Big Bend, TX

Chisos Mountains under cloud
Chisos Mountains under cloud

Big Bend, TX

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Elephant Tusk under cloud
Elephant Tusk under cloud

Big Bend, TX

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Sierra del Carmen at dawn
Sierra del Carmen at dawn

Big Bend, TX

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Sierra del Carmen at sunset
Sierra del Carmen at sunset

Big Bend, TX

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Chisos Mountains from Solis
Chisos Mountains from Solis

Big Bend, TX

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Elephant Tusk from Solis
Elephant Tusk from Solis

Big Bend, TX

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Chisos Mountains in predawn mist
Chisos Mountains in predawn mist

Big Bend, TX

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Elephant Tusk in predawn mist
Elephant Tusk in predawn mist

Big Bend, TX

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Emory Peak in predawn mist
Emory Peak in predawn mist

Big Bend, TX

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Late December at Big Bend National Park, along the Rio Grande in southwestern Texas: colder than you’d think (low 50s by day, low 20s by night), and more popular than you’d think (campgrounds full).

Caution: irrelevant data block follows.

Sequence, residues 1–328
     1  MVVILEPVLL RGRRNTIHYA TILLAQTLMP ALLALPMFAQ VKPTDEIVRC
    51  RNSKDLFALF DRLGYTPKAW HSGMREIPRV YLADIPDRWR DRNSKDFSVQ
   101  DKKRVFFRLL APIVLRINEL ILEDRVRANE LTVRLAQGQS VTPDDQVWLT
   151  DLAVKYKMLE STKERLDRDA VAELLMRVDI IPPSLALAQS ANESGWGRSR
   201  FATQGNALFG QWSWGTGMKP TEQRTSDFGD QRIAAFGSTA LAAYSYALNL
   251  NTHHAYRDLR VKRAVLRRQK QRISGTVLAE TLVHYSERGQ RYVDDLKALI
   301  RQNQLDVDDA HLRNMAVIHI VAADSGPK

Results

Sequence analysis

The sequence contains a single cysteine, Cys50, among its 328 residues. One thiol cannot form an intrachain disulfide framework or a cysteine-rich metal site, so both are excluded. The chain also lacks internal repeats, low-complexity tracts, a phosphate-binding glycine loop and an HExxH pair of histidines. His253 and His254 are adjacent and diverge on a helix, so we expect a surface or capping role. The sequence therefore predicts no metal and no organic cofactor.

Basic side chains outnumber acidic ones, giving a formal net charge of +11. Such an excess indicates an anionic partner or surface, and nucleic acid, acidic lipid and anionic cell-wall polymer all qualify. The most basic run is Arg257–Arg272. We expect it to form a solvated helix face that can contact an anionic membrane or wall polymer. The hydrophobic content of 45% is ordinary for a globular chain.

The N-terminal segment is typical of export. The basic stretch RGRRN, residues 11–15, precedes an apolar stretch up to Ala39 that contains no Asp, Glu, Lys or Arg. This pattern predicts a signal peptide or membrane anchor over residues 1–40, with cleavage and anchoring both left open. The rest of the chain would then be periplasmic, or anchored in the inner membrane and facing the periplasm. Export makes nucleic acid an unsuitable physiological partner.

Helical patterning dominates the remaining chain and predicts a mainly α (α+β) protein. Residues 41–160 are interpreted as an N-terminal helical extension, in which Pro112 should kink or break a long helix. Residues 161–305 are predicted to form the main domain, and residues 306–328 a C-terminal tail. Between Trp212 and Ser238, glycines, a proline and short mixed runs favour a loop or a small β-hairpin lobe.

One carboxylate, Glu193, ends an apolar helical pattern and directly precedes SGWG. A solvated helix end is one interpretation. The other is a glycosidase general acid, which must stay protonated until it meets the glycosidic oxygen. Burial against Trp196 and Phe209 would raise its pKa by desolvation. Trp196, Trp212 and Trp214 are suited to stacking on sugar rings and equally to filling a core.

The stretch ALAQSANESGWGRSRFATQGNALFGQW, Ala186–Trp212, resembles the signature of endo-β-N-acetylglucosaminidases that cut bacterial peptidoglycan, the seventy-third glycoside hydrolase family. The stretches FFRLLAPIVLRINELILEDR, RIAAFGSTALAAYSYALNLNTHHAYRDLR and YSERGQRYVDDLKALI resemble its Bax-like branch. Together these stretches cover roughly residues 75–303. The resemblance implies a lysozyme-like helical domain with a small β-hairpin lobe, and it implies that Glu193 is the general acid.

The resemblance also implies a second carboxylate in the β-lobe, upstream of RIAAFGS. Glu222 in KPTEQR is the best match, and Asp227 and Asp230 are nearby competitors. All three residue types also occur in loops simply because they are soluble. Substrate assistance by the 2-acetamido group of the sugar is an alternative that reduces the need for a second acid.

But Big Bend is an enormous park—I spent 12 days there without ever leaving the park boundaries—and the crowds are drawn to the central spectacular feature, the Chisos Mountains, a gargantuan igneous intrusion rising 3000 feet above the already high plateau.

My habit is to go where people aren’t, so in this gallery you won’t see photos from inside the dramatic but high-traffic Chisos Basin. Instead I shot the Chisos range from a silent and solitary distance: 10, 20, even 30 miles away.

 

The other mountains my camera kept pulling me back to were at least as far away, and less accessible: the Sierra del Carmen range, the highest and most characteristic stretch of which lies across the Rio Grande, in Mexico.

 

Camping as far as I could get off the beaten path (for 36 hours I might have been the last man on earth), at Solis near the southern tip of the park—the very bend of the Big Bend—I discovered a cluster of old stone cabins, maybe early 20th century and certainly pre-park, perched on top of a bluff overlooking the Rio Grande, and with a fine view north toward the distant Chisos. It must have been a hard life, but a beautiful one.

STUART GELZER photography